Sports Management is a field that produces opportunities to work in a variety of sports-related capacities. According to Careers in Sports Management, people who work in sports management are interested in both sports and business. In school, sports management professionals learn about finance, marketing, law, and business as they apply to the world of sports. After completing their education, graduates can work in amateur, collegiate, or professional athletics in just about any type of sport and often find jobs as managers, scouts, coaches, and marketing and public relations specialists. Stacey Marone, reported, sports management programs focus on the business and administrative aspects of the industry including sales, marketing, sponsorship, branding, operations, and economics.
Sports Management is widely seen as the business of sports. If sports management is the business of sports and athletes are effectively the business, shouldn’t people studying sports management be knowledgeable about the personal development issues and challenges facing their key asset responsible for generating or losing revenue?
“What is the ROI on personal development services for athletes?”
In interviews with college athletic and academic personnel, regarding a serious investment in the personal development for the athlete, the overall consensus seems to be “we cant measure personal development the way we can measure wins and losses or graduation rates.” Quickly followed by, “what is the ROI in personal development services for athletes?” Well, the ROI is becoming increasingly clear to many on the college and professional level. Therefore aspiring sports management professionals should take notice.
Probably the biggest and most recent example of what happens when we underestimate the personal development needs of athletes is Baylor University. SI Wire reported the widespread sexual assault scandal involving Baylor’s football program has cost the university more than $76 million. Bears for Leadership reform commissioned HSSK, a professional services firm, to estimate expenses and lost revenue due to the scandal. HSSK managing director Jared Jordan wrote, according to KWTX TV, “It is my estimation that the financial impact of the sexual assault crisis at Baylor could be as much or more than $223 million consisting of $121.7 million in costs and $101.3 million in lost revenues through 2019,”
Coaches and Administration
Athletes aren’t alone in the need to understand personal development as displayed in the Rutgers scandal. Since 2013 according to USA Today, Rutgers has spent at least $2.3 million on the scandals — a figure that includes settlements, search firms, and crisis management consultants. It’s amazing how we are surprised by coaches behavior but ignore educating coaches on athlete behavior and more importantly athlete needs.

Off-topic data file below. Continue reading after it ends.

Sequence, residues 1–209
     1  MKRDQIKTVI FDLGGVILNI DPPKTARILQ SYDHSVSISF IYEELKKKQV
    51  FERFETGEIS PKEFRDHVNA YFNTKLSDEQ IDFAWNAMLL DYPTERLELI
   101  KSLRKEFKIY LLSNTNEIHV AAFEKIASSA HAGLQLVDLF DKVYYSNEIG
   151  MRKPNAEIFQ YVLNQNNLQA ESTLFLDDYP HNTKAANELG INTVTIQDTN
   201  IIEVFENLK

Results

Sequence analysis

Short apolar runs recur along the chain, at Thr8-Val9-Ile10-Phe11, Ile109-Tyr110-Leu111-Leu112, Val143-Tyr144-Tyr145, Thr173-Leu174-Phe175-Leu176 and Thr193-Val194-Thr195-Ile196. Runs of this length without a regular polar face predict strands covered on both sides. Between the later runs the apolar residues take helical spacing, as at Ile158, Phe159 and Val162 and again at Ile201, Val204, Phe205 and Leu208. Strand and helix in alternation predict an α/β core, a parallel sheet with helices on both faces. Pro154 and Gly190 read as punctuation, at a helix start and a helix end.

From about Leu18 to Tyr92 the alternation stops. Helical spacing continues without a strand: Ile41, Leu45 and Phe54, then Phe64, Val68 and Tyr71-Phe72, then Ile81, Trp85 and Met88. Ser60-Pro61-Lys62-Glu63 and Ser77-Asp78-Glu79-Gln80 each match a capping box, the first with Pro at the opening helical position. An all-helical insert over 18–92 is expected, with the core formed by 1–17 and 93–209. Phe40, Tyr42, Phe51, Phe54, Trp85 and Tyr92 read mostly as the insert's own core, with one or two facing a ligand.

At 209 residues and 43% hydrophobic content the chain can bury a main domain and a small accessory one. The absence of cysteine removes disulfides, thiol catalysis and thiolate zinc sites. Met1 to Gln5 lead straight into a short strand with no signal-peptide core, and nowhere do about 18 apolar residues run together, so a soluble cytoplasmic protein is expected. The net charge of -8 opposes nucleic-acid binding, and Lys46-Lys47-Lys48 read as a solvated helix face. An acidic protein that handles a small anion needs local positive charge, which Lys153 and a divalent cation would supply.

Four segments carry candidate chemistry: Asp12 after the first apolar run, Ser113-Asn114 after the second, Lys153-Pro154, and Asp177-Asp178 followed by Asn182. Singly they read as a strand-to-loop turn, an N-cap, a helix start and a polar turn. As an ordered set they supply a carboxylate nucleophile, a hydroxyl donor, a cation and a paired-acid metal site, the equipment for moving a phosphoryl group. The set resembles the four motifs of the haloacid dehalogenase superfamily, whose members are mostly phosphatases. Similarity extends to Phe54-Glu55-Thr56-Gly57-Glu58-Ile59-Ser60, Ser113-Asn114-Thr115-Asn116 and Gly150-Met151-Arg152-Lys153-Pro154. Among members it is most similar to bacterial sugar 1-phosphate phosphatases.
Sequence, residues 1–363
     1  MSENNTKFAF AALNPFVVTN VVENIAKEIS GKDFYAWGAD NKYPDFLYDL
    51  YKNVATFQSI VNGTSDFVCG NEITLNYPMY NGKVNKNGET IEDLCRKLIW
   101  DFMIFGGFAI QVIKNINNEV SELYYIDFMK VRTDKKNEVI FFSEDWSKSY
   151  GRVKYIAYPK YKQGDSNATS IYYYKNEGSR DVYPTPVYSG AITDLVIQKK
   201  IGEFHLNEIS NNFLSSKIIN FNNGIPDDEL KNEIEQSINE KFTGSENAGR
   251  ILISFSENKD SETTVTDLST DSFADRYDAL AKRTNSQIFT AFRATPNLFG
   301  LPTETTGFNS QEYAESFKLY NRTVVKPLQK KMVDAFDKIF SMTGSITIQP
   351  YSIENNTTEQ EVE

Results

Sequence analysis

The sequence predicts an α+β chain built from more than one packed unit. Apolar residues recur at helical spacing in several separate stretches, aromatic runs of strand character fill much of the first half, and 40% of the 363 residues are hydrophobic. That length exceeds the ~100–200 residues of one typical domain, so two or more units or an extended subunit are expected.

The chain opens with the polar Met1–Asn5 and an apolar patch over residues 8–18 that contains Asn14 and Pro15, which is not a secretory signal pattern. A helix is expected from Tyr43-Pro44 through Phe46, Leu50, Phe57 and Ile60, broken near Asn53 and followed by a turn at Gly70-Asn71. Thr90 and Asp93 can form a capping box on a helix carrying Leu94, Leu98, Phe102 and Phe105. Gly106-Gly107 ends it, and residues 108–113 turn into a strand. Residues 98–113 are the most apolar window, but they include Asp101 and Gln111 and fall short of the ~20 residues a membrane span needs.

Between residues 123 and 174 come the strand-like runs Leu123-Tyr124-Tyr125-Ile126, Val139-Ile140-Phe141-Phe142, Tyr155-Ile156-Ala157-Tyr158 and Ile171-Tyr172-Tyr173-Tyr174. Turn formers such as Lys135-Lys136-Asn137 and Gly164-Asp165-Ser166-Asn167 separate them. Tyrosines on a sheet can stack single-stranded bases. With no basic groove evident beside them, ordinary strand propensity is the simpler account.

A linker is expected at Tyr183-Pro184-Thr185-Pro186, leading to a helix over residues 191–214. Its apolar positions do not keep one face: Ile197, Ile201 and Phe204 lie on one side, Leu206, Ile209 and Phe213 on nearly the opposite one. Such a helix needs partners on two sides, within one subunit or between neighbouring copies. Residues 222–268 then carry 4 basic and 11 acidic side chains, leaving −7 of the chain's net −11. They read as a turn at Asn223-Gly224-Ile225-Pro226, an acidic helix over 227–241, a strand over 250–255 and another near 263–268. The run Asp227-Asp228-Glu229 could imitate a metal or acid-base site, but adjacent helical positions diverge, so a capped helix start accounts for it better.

On the professional level, it’s not just the individual athlete that lose financially when ill-advised behavior is exhibited. Shareholders of Nike, Gatorade, and other Tiger Woods sponsors lost a collective 5 to 12 billion in the wake of the scandal involving his extramarital affairs, according to a study by researchers at the University of California, Davis.
The athlete can be considered the driving force in sports management, without athletes sports would be non-existent. What if we started educating people in the business of sports on the human side of the business of sports management? We have become so consumed with generating revenue and the bottom line of winning and losing. We have misjudged the need to provide education on the personal development and well-being of the business. To such a point that athletic scandals are becoming too common and costly.
A Sports Management degree covers all required areas of running the business of sport but has neglected to educate its potential graduates on athlete behavior and the direct relationship to achieving the goal of managing a successful athletic organization. The answer to the question, what is the ROI on PPD programs and services to the university? The ROI is in the millions if you consider, Baylor University lost $223 million, Rutgers University lost 2.3 million, shareholders of Tiger Woods lost 5-12 Billion and schools such as Ole Miss had to part ways with 7.8 million and UNC-Chapel Hill is missing 18 million. Mainly because they all misunderstood the ROI of the personal development of the key asset (the athlete) of the business of sports.